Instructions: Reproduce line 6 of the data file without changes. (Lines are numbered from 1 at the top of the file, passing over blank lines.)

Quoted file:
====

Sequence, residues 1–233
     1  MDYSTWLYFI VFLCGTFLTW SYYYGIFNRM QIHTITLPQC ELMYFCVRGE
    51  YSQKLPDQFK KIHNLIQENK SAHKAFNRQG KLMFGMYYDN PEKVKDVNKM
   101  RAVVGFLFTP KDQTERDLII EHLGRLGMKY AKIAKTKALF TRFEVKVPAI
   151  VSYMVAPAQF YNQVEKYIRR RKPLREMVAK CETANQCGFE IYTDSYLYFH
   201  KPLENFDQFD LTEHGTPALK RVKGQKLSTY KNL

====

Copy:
   201  KPLENFDQFD LTEHGTPALK RVKGQKLSTY KNL